Balancing life as a bodybuilder with a family and work commitments can be difficult but family must come first. I have two kids one aged 3 and one aged 8 so they are both still very dependent on me and my wife.  I also work 60 hours a week, in a not very well paid job I may add and I have a 60 mile commute to and from the gym I train, valhalla in Carrickfergus 4 days a week. Combining these commitments with bodybuilding has its challenges, but it really comes down to planning and just how badly you want it some people find excuses for why they can’t do something and others find ways they can do it.  My wife is a massive help, and helps me prepare all my meals. I cook my food in bulk for the day, and my food goes everywhere with me, be it off season or pre-contest.  I also try and train on the days I am working this means my days off work I can spend more time with my wife and kids. I don’t get as much sleep as I would like, and me and my wife get virtually no free time together, but what time we do get to spend together we make the most of.  To be honest I feel having a family and work commitments helps me as a bodybuilder, keeps me more grounded and not obsessed with solely bodybuilding 24/7 as long as you are eating your meals and doing your training the rest will take care of itself.  Constantly obsessing about bodybuilding 24/7 is counter-productive in my opinion.  I have always made my best gains when I am in a good place mentally and happy with my home life.  I know a few bodybuilders who can’t hold down a job or don’t want to work.  I find it pathetic to be honest, Ronnie Coleman won 4 Mr Olympias while working full time as a police officer.  If you can’t hold down a job and even win an amateur show maybe they are in the wrong sport.  Bottom line is where there is a will there is always a way, hard work always pays off in the end!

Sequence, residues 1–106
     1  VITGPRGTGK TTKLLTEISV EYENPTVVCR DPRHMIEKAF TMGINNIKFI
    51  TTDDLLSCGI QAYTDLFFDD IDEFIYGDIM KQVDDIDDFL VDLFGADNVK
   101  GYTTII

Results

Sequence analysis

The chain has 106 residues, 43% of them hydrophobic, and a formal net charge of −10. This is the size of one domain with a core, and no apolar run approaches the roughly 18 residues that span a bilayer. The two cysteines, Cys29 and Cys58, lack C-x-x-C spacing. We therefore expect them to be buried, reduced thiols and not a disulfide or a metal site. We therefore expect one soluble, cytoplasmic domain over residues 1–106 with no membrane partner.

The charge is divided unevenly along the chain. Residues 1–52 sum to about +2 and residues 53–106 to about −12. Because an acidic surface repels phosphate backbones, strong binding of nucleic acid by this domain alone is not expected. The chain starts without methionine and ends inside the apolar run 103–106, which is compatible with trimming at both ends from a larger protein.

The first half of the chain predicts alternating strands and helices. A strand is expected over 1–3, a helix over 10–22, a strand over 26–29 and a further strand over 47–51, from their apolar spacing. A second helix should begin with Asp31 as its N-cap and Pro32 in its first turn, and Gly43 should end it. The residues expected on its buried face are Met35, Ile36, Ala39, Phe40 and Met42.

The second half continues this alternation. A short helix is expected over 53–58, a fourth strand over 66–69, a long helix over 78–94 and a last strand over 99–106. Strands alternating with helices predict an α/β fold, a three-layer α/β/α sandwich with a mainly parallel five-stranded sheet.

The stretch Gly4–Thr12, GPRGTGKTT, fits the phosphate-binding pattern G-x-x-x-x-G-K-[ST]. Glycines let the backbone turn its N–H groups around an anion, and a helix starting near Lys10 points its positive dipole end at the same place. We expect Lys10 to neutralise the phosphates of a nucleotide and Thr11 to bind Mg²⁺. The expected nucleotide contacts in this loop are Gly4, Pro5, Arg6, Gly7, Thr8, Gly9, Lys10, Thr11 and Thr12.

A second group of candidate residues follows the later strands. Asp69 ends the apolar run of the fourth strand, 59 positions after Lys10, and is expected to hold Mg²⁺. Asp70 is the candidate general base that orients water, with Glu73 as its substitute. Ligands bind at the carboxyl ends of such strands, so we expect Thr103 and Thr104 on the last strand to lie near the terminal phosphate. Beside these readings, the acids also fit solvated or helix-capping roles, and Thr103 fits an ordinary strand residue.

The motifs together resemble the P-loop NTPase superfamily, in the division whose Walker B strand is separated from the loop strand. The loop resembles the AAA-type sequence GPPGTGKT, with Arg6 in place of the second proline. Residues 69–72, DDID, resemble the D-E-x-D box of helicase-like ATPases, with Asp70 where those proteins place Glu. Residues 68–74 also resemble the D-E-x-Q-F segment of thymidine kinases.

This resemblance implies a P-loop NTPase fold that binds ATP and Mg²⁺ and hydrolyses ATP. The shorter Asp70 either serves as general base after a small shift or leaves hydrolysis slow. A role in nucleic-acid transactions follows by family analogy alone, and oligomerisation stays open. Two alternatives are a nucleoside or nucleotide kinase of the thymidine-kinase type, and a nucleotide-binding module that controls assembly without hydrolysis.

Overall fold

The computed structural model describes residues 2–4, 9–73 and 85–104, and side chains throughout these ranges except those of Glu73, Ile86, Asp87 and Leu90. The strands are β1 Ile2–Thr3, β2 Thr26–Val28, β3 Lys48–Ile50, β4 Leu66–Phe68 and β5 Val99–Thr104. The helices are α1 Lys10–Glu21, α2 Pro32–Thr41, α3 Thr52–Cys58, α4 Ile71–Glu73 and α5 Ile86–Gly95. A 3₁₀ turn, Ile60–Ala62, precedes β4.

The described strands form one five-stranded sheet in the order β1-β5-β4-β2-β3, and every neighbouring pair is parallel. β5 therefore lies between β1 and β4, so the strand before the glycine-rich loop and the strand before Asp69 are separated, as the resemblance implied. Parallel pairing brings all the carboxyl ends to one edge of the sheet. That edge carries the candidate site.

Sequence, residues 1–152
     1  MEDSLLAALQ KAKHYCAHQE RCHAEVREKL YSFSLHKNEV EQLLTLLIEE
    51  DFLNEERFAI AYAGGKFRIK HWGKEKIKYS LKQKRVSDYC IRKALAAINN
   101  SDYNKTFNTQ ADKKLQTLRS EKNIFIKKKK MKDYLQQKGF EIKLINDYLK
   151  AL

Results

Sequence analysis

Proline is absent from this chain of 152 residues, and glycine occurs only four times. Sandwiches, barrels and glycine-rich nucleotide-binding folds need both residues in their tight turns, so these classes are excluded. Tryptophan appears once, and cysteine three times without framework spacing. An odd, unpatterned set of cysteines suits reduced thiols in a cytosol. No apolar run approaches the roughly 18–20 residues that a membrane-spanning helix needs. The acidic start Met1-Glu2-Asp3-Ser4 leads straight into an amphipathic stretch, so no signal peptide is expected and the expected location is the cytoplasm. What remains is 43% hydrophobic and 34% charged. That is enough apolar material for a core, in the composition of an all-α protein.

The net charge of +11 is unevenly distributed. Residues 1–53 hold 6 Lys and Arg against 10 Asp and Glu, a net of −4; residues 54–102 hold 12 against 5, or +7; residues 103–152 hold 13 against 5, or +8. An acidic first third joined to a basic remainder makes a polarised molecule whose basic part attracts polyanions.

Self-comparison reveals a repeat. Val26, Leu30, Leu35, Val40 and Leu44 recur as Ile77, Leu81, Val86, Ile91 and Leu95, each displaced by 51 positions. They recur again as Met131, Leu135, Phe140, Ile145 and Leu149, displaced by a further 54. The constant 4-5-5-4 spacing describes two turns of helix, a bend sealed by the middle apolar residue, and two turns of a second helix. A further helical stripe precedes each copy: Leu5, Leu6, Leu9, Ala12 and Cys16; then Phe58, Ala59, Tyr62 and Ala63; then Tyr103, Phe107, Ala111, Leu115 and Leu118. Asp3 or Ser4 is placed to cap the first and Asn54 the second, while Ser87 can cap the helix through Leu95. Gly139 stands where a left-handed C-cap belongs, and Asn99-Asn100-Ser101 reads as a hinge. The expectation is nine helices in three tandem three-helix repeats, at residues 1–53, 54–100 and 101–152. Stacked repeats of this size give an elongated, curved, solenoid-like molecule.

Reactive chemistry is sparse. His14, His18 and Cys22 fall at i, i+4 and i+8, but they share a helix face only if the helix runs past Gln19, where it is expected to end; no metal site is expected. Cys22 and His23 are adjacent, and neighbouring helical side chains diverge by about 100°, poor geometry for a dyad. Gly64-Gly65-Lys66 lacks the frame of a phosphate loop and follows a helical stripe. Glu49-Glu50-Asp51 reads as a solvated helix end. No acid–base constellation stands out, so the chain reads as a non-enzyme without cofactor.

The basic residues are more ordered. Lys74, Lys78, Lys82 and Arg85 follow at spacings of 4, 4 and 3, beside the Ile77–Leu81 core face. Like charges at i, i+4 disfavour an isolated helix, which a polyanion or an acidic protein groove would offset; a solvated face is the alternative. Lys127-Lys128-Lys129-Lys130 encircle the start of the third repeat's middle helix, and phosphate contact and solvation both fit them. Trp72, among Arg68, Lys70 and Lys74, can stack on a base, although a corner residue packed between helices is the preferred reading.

6)    So what’s next in line for the new NABBA N.Ireland champ?

My next step is the Nabba Universe in October I had thought about doing the Nabba Britains, but financially it would have being difficult with us moving house. Also doing the universe in October gives me time to make some improvements I feel I need, back and pecs mainly. Every time I compete I want to be better than last time.

7)    John thank you so much for a fantastic interview, it was a true pleasure.

Many thanks for the interview mark, really appreciate it.  I would like to thank Graeme Mc Conkey who believed in me and gave me the confidence to do this show.  I owe this win to him. Danny Brown for being there from day one and a great friend and also to David Mc Colum.  I hope this interview shed some light on my training philosophy.  I am starting my own training business in a few weeks so if anyone is interested add me on Facebook.